Freshwater leech

Freshwater leech

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Credit: WAYNE LAWLER/SCIENCE PHOTO LIBRARY

Caption: Attack by a freshwater leech (Hirudinea: Richardsonianidae) on the Norman River floodplain, Queensland, Australia. Leeches are parasites which feed on blood. They attach themselves to the skin using suckers and create a wound with their three sharp jaw plates. Their saliva contains hirudin, a chemical which prevents the blood from clotting. They are used in modern medicine to drain blood from hematomas (accumulations of blood) and to draw blood into transplanted tissues until circulation is established. A leech may drink between 10 and 15 milliliters of blood in one meal, which will feed it for months.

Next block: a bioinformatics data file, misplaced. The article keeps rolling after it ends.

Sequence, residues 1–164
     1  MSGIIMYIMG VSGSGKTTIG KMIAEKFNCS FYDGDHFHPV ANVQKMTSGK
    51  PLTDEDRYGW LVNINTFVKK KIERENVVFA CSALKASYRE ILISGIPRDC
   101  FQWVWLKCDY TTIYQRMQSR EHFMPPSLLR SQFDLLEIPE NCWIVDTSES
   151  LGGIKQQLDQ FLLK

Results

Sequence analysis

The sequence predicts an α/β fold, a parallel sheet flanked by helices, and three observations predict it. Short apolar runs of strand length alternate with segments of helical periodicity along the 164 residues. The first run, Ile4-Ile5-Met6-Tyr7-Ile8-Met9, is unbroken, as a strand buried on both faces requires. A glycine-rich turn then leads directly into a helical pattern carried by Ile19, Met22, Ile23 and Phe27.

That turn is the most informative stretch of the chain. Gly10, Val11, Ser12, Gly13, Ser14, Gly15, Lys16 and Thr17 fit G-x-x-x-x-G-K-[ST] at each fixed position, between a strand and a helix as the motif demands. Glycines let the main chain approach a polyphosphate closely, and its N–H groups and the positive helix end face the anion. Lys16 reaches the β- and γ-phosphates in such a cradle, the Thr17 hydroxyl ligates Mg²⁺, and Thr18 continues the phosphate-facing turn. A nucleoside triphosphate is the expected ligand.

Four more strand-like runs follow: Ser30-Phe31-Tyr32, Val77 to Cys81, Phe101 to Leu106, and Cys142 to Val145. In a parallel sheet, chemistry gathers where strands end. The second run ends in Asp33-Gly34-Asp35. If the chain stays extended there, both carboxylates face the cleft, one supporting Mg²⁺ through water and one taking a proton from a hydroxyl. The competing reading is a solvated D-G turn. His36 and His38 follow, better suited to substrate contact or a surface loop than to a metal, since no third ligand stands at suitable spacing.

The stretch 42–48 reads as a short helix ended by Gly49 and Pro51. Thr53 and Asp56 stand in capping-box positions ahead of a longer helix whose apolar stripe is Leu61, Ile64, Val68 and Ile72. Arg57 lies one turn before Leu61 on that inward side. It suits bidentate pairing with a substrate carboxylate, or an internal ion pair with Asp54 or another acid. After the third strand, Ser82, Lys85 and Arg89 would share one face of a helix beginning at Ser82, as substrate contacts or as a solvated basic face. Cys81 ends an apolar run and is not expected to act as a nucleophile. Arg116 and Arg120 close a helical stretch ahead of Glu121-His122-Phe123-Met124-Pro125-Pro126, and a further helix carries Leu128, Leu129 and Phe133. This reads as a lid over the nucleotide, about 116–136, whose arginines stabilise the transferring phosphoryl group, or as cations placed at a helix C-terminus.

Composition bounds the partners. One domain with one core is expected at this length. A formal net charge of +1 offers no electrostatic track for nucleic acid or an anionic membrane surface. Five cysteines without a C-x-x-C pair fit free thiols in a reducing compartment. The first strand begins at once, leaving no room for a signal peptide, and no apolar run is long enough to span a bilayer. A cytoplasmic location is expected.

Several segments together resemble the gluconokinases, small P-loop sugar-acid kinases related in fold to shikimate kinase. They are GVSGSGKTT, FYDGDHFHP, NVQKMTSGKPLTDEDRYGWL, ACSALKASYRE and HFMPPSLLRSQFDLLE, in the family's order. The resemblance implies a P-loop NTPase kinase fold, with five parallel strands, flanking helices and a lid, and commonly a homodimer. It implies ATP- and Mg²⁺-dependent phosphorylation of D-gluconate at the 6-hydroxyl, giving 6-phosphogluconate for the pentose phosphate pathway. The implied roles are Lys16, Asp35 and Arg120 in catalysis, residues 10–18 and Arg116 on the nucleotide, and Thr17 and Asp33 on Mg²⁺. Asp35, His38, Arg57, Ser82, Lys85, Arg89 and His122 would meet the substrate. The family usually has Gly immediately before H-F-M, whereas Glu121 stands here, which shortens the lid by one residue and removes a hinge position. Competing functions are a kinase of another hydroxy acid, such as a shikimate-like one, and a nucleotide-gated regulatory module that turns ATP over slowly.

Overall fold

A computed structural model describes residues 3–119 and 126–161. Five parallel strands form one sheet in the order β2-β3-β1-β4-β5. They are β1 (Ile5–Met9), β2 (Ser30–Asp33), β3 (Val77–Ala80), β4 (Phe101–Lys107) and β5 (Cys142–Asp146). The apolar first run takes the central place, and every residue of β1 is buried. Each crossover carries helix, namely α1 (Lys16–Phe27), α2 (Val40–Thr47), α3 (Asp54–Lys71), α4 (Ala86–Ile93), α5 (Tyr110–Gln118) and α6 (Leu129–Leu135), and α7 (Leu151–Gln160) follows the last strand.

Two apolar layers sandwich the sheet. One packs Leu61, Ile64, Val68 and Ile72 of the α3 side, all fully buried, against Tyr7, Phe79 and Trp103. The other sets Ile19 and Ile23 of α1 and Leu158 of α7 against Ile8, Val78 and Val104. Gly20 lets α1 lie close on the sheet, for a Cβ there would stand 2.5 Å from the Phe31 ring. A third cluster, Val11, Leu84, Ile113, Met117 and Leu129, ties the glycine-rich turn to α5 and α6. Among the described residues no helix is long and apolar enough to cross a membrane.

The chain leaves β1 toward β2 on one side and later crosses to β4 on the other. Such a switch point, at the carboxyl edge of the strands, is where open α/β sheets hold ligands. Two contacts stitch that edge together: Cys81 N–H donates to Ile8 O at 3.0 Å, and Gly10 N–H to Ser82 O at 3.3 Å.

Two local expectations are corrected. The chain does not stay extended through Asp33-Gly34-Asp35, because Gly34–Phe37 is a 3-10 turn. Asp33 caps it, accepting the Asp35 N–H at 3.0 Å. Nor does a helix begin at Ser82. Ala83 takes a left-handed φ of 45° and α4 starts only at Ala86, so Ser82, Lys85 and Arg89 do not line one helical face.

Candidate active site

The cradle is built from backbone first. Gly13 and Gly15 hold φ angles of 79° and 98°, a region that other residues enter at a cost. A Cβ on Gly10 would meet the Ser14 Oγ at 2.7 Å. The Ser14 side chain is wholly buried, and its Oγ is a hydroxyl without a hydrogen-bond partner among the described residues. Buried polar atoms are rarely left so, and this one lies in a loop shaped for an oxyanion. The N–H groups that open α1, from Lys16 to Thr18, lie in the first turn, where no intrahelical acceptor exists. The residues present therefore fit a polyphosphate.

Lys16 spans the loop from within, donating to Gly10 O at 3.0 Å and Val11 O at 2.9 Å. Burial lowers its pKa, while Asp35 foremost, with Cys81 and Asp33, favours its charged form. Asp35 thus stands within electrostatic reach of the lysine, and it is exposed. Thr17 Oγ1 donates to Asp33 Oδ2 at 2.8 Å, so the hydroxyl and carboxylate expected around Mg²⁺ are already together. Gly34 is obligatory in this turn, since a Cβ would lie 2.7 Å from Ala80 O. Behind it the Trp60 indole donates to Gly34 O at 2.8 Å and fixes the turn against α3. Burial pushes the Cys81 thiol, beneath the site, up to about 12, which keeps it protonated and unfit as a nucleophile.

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Keywords: animal, animals, australia, blood, blood sucker, blood suckers, bloody leg, feed, feeding, feeds, freshwater leech, freshwater leeches, hirudinea, invertebrate, invertebrates, leech, leech attack, leeches, nature, norman river floodplain, parasite, parasites, queensland, richardsonianidae, wildlife, zoology

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